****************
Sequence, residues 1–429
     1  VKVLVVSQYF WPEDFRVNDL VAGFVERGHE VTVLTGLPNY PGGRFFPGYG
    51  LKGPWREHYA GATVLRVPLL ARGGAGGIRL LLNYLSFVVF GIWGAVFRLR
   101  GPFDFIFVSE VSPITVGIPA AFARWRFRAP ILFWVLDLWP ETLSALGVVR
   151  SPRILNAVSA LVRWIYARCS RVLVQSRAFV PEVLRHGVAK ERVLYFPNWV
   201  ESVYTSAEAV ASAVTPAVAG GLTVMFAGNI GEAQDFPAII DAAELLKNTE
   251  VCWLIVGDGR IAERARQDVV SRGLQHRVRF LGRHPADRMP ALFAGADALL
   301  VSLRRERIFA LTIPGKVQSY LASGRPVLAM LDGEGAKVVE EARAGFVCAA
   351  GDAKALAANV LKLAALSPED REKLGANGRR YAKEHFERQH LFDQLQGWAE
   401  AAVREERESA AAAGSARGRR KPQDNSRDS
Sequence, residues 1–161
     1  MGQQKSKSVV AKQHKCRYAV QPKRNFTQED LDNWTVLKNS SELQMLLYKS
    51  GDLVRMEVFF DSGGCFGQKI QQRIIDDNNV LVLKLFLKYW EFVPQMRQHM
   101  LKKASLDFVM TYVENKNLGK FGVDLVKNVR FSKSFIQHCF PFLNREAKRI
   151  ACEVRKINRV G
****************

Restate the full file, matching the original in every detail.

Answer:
Sequence, residues 1–429
     1  VKVLVVSQYF WPEDFRVNDL VAGFVERGHE VTVLTGLPNY PGGRFFPGYG
    51  LKGPWREHYA GATVLRVPLL ARGGAGGIRL LLNYLSFVVF GIWGAVFRLR
   101  GPFDFIFVSE VSPITVGIPA AFARWRFRAP ILFWVLDLWP ETLSALGVVR
   151  SPRILNAVSA LVRWIYARCS RVLVQSRAFV PEVLRHGVAK ERVLYFPNWV
   201  ESVYTSAEAV ASAVTPAVAG GLTVMFAGNI GEAQDFPAII DAAELLKNTE
   251  VCWLIVGDGR IAERARQDVV SRGLQHRVRF LGRHPADRMP ALFAGADALL
   301  VSLRRERIFA LTIPGKVQSY LASGRPVLAM LDGEGAKVVE EARAGFVCAA
   351  GDAKALAANV LKLAALSPED REKLGANGRR YAKEHFERQH LFDQLQGWAE
   401  AAVREERESA AAAGSARGRR KPQDNSRDS
Sequence, residues 1–161
     1  MGQQKSKSVV AKQHKCRYAV QPKRNFTQED LDNWTVLKNS SELQMLLYKS
    51  GDLVRMEVFF DSGGCFGQKI QQRIIDDNNV LVLKLFLKYW EFVPQMRQHM
   101  LKKASLDFVM TYVENKNLGK FGVDLVKNVR FSKSFIQHCF PFLNREAKRI
   151  ACEVRKINRV G